And with what is the one 1934 case washed ???. How scarce is that Maxim rd . Sorry for the bad pics.
The P * 1934 * is by Hirtenberger made at their plant in Dortrich (sp) in Holland-Probably for the Chico war between Paraguay and Bolivia.
The Maxim headstamp is actually a 9 mm Glisenti load, a contract
during 1917 and 1918 for Italy. The later part of the contract was
filled by U.S.Cartridge Company, using the “Maxim headstamp.”
At one time, not so many years ago, the MAXIM headstamp was quite
commonly found. I would not describe it as rare even now, although
you don’t see them so much anymore - perhaps “scarce” would be the
best term. They exist in several minor variations, including a 1917 date.
To be a little more precise, the Dutch city name is Dordrecht.
Also, the war was the Chaco War, not the Chico war.
A typo, I am sure. Something that most of us do from
time to time.
Thanks every one for the great info. Just one more question. Is there any value in this 9 mm cartridges / collectable.??? Were I got this cartridges they have loose bags & bags & bags more of them & wondering if it is worth getting them. I don’t know anything about them 9 mm’s .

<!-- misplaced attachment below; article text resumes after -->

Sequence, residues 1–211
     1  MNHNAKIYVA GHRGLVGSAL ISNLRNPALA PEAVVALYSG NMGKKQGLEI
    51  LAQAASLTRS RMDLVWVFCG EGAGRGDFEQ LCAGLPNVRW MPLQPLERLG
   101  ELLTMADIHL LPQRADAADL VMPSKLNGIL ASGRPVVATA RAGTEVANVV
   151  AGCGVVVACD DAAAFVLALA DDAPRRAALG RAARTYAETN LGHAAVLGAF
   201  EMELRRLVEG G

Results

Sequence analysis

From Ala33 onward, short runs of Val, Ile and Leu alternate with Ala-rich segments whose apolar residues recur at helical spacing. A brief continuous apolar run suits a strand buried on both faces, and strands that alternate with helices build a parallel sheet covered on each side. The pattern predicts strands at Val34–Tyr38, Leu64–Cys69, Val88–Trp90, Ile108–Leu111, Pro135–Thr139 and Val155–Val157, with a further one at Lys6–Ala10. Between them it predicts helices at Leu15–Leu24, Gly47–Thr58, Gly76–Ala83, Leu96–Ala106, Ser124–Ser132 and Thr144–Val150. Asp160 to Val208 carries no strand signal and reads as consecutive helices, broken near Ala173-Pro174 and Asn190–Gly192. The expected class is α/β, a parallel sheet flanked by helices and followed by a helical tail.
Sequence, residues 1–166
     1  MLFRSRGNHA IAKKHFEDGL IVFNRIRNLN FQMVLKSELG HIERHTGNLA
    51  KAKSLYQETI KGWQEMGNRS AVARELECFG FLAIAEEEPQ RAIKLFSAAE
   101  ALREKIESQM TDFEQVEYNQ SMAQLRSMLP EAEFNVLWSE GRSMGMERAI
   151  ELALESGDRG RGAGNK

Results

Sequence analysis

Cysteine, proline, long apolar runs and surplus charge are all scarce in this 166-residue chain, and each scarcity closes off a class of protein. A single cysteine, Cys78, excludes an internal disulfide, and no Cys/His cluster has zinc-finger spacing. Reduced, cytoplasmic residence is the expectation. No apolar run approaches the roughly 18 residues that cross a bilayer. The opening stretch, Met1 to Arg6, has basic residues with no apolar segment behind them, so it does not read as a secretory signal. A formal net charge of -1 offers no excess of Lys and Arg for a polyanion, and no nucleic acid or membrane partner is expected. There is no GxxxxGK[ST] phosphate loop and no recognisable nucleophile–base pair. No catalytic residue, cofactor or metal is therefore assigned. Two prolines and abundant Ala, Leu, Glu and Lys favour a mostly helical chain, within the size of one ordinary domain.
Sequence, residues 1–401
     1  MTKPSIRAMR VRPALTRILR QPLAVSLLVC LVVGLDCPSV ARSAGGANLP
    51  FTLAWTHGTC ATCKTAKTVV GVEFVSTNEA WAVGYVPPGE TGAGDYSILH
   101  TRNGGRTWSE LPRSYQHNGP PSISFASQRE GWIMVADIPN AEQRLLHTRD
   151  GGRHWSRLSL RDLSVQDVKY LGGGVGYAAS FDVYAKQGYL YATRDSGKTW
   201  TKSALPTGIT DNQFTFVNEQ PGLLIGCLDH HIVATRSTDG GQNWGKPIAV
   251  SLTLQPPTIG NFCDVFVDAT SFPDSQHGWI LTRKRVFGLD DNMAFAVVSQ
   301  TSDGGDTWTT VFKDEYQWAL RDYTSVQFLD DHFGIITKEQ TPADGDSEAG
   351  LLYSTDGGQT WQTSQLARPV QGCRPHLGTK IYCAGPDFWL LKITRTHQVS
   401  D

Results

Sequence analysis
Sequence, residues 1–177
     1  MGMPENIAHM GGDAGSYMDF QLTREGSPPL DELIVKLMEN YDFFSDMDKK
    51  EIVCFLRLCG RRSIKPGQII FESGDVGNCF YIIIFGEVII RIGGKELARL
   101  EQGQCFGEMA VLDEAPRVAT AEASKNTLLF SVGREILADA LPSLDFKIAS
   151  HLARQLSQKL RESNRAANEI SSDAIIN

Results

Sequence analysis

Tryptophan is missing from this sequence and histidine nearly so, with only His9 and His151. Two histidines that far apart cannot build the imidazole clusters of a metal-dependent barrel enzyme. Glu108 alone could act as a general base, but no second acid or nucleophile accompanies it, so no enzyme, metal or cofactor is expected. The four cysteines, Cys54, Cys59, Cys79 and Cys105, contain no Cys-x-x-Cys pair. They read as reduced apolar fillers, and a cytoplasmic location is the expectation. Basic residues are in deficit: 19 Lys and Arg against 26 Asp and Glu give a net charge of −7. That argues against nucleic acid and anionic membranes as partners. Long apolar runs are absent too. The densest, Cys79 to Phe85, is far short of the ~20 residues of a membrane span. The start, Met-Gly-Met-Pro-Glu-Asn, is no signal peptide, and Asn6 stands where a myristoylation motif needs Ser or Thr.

The 9 x 19 mm Parabellum is, arguably, the most collected
pistol cartridge there is. A good collection of headstamps, case
and bullet types (materials, etc.), loadings and the like can run
easily over 6,000 specimens. There are major collections of this
caliber, where even dates and lot numbers are collected, that run
well over 10,000 specimens.
Aside from sheer numbers, while not the choice of many of us for a
military, police, or self-defense cartridge, it is one of the oldest self-loading
pistol cartridges, and still today, about 116 years later, more popular than ever.
It has all the attributes that peak collector’s interest - many and varied headstamps,
colorful assortments of special loadings, many different lacquer markings for various
reasons (identification of loadings, water and oil-proof sealers, etc.).
There are those that collect nothing but this caliber.